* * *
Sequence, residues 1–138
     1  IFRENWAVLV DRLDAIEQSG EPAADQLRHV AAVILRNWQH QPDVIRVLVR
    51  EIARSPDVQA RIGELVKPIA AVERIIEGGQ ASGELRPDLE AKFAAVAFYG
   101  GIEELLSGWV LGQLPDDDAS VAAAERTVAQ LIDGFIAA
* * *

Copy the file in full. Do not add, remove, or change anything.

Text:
Sequence, residues 1–138
     1  IFRENWAVLV DRLDAIEQSG EPAADQLRHV AAVILRNWQH QPDVIRVLVR
    51  EIARSPDVQA RIGELVKPIA AVERIIEGGQ ASGELRPDLE AKFAAVAFYG
   101  GIEELLSGWV LGQLPDDDAS VAAAERTVAQ LIDGFIAA